The Football Association could re-open its investigation into racism claims against England women's boss Mark Sampson after further evidence was submitted to the governing body.
Sampson was alleged to have asked mixed race England midfielder Drew Spence whether she had been arrested during a tournament in 2015, a claim which he denied.
The claim was first made by Spence's England and Chelsea team-mate Eniola Aluko, and Spence has now submitted written evidence to support it.
Two investigations cleared Sampson of any wrongdoing, but questions have been asked about the thoroughness of them as Spence was not interviewed during either process.
Sampson's alleged comments are understood to have left the then-22-year-old feeling shocked.
An FA spokesperson said: "This is not a new investigation. We have always said if new information comes to light we will look into it appropriately."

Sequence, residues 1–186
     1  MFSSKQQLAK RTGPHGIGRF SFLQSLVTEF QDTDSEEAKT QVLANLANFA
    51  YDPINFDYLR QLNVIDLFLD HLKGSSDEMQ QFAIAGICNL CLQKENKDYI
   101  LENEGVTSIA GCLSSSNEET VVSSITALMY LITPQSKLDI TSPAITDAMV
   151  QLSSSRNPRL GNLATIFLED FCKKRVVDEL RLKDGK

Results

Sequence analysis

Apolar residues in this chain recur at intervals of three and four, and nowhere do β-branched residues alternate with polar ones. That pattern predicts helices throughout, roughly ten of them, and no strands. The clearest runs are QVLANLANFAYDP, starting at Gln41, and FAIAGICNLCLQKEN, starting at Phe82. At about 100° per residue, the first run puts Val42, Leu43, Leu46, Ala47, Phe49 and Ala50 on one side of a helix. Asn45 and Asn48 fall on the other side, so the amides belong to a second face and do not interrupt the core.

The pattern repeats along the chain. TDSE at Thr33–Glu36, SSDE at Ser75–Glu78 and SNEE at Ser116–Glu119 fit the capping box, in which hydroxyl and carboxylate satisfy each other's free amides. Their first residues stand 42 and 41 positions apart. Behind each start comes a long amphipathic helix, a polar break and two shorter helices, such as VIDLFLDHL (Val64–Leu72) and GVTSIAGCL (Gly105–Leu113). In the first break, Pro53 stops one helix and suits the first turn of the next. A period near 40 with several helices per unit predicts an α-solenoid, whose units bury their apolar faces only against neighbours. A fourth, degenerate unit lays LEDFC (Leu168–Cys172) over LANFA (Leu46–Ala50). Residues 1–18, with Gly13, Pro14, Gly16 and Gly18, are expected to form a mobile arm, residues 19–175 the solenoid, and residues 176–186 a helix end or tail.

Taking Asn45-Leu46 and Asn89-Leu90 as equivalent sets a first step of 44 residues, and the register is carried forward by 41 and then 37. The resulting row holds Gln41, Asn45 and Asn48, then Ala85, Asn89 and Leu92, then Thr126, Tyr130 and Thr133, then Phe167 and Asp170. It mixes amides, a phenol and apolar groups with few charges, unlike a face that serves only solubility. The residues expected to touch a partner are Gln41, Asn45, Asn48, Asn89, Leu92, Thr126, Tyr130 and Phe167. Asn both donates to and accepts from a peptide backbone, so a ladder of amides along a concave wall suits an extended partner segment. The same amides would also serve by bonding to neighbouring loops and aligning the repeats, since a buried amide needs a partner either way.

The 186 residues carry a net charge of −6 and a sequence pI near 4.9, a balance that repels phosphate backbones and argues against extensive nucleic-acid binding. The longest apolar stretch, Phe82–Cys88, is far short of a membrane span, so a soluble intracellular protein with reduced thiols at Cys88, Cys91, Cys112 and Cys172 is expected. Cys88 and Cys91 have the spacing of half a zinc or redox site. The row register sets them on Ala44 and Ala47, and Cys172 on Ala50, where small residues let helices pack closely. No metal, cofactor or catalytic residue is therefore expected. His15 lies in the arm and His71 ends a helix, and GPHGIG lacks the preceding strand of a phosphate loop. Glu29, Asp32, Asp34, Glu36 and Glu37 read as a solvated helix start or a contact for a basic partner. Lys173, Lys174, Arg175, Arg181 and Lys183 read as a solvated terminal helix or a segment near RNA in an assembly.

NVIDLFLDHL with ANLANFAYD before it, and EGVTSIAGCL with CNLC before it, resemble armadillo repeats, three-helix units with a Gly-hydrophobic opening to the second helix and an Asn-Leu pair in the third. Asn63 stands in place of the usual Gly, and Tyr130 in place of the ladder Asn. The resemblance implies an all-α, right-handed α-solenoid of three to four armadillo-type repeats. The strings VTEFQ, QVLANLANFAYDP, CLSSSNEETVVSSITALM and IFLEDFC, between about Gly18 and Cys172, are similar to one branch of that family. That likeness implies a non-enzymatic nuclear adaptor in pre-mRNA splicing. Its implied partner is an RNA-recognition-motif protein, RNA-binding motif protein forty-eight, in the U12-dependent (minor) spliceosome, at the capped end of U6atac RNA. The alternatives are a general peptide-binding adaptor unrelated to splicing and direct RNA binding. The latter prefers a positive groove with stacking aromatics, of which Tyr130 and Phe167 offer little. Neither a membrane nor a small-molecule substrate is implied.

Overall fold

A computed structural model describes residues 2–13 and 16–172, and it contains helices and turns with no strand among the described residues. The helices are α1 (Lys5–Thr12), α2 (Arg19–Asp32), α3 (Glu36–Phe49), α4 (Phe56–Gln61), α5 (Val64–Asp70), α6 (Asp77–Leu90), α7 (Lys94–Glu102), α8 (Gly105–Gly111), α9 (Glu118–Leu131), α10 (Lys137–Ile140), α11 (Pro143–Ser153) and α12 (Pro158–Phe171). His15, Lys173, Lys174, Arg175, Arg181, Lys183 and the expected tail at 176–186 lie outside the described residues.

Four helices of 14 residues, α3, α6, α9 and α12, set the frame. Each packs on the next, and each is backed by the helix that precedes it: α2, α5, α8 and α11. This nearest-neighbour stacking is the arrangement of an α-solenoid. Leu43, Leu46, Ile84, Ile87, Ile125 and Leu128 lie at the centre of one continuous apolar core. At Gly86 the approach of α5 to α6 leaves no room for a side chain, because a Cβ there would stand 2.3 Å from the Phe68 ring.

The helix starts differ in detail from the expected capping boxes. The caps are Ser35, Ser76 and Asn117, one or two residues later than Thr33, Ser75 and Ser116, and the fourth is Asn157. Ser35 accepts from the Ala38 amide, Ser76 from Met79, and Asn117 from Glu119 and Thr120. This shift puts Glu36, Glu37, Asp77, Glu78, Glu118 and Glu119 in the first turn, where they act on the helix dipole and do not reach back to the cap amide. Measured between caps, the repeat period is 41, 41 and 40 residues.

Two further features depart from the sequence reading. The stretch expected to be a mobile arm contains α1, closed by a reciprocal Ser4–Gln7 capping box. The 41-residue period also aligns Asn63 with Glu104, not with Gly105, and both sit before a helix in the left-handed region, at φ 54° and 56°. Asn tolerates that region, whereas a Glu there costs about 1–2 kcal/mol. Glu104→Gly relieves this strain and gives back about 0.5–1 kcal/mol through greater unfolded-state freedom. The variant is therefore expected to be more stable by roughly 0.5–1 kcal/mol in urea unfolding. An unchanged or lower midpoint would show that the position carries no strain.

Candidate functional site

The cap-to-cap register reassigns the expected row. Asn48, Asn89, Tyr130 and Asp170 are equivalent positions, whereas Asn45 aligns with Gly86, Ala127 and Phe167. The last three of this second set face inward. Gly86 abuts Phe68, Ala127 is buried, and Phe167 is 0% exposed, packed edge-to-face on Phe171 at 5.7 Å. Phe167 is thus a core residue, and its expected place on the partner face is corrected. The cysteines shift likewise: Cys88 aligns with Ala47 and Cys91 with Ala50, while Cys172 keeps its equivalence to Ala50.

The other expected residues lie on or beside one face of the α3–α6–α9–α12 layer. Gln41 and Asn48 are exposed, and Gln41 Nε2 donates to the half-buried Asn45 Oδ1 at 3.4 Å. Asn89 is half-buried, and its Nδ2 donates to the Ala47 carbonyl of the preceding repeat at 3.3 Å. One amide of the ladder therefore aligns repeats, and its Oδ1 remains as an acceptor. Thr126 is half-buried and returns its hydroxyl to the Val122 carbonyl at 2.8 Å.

Senior FA executives are set to face a parliamentary inquiry over the investigations after Aluko initially raised a "bullying and harassment" grievance against Sampson in response to a cultural review.
Striker Aluko, who has 102 caps and is a qualified lawyer, and fellow England forward Lianne Sanderson have also been invited to give evidence to a select committee hearing planned for mid-October.
In a separate allegation, Aluko has claimed Sampson told her to make sure her Nigerian relatives did not bring the Ebola virus to an England game at Wembley in 2014.
On Tuesday, Sampson appeared to contradict his own evidence on this issue after denying he had a conversation with Aluko about Ebola.
But in the independent investigation, he told barrister Katharine Newton that he had joked with Aluko about her being called Ebola instead of Eniola by a cold-caller.